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Utah Football Game-by-Game Predictions for 2017

Kyle Whittingham

Kyle Whittingham

Utah has grown into a consistent pest in the Pac-12 over the past three seasons. The Utes have won at least nine games, won a bowl game and finished ranked in the Top 25 each of those years. Only one thing is missing from the checklist of accomplishments. Utah has not yet cleared the last hurdle and claimed a Pac-12 South crown.

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Can the Utes finally take one more step forward and finish atop the division in 2017? It won't be a simple task. Utah needs to plug major holes on both sides of the ball, especially on the offensive line and in the secondary. The Utes are flush with talent across the board, but a lack of experience could pave a bumpy road.

Athlon Sports polled a few writers to get their take on Utah’s realistic 2017 win/loss projection.

Utah Football Game-by-Game Predictions for 2017

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John Coon (@johncoonsports)

Will this be the year Utah's offense finally catches up to its defense? The Utes always make life tough for opposing offenses and things should be no different this season.

Utah can manhandle teams in the trenches and, if the Utes can reload in the secondary, this should be one of the best defenses in the Pac-12 once again. The Utes led the Pac-12 in rushing defense (128.7 ypg) a year ago, and elite linemen like Lowell Lotulelei, Filipo Mokofisi and Kylie Fitts are back for another season. Chase Hansen is the lone returning starter in the secondary. Hansen is a beast though. He led the Utes with 90 tackles and also tallied three interceptions last season.

How well Utah does this season will hinge on whether or not the Utes can elevate their offense into an attack that poses a legitimate threat to other good Pac-12 teams. The Utes promise to feature a more potent passing offense under new offensive coordinator Troy Taylor. Troy Williams returns at quarterback after throwing for 2,757 yards and 15 touchdowns a year ago. Williams showed a knack for making big plays, but also struggled with accuracy and consistency. He will have the targets he needs. Receivers like Raelon Singleton, Siaosi Wilson and Demari Simpkins are all legit playmakers

Utah will likely need Armand Shyne, Zach Moss or Devontae Henry-Cole to step up and provide the sort of dynamic running threat that Joe Williams brought last season to help open up the passing game. Williams produced 1,047 yards as a senior despite sitting out for a month after briefly retiring from football.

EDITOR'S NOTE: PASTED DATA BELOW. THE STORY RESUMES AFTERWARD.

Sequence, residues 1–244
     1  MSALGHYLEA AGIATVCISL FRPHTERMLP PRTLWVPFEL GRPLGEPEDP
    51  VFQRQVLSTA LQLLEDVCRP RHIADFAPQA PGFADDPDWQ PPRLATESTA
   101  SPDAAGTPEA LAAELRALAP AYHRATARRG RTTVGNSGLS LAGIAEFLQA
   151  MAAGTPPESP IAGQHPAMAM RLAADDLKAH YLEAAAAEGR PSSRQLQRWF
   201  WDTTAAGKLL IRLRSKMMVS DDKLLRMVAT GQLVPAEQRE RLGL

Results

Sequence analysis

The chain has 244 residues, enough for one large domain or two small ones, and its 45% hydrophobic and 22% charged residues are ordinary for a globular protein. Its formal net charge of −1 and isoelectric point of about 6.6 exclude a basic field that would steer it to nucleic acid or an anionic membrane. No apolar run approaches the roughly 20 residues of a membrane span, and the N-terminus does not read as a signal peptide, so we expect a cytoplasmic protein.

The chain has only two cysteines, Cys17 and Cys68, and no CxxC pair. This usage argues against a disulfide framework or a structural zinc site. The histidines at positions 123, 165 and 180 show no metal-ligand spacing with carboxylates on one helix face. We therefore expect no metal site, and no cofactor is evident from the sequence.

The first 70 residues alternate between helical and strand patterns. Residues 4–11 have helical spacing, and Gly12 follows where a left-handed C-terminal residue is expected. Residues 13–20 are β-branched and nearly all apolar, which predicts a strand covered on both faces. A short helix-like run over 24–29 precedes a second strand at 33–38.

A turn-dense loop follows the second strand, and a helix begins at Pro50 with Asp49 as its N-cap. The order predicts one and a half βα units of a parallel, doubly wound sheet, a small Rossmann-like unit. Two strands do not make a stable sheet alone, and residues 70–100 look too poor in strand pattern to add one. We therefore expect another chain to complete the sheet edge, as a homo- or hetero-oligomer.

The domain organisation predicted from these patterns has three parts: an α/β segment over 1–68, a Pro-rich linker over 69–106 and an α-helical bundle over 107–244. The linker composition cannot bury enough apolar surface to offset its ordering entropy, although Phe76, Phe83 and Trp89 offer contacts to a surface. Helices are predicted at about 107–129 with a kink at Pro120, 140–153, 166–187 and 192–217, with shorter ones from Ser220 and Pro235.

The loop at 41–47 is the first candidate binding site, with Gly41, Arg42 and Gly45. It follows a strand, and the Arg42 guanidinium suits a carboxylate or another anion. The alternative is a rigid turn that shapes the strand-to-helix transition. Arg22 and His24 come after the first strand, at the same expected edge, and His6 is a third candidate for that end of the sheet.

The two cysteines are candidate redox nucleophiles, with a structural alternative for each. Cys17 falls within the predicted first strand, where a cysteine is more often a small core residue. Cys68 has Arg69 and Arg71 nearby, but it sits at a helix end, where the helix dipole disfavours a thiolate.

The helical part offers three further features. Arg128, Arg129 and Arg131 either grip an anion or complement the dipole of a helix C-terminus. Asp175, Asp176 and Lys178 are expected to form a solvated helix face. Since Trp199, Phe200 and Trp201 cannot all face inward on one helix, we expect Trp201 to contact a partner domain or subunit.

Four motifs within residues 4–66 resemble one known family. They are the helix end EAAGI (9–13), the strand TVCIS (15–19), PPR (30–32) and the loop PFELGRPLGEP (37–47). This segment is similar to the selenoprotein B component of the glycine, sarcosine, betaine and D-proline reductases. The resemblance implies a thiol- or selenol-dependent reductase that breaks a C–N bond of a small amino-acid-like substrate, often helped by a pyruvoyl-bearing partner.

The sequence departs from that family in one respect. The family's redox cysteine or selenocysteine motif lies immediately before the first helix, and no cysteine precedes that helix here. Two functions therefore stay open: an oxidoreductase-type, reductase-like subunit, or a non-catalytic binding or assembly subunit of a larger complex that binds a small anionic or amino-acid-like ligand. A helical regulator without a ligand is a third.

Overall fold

As long as Utah can intimidate with a bruising defense, the Utes will always be a tough out in the Pac-12. The schedule isn't forgiving, but Utah has the ability to string together another season punctuated by a bowl win and a spot in the final polls.

Steven Lassan (@AthlonSteven)

Even though the Utes have only seven returning starters, don’t count out coach Kyle Whittingham’s team from finishing second in the Pac-12 South behind USC. New offensive coordinator Troy Taylor inherits a proven quarterback in Troy Williams, while a trio of talented running backs is set to compete to replace Joe Williams. The biggest concern for Taylor is up front, as four offensive line starters from a solid 2016 unit must be replaced.

On the other side of the ball, Sack Lake City is in good shape in the trenches. End Kylie Fitts is back from injury, and senior tackle Lowell Lotulelei can dominate on the interior. The secondary is under renovation, but the front seven should be among the best in the Pac-12. Even with the personnel losses from last year, a significant drop-off in wins is unlikely. However, the schedule features matchups against the projected top four teams from the North, along with a road date at USC. Home matchups against UCLA, Colorado and Washington State will decide how high the Utes climb in the South standings.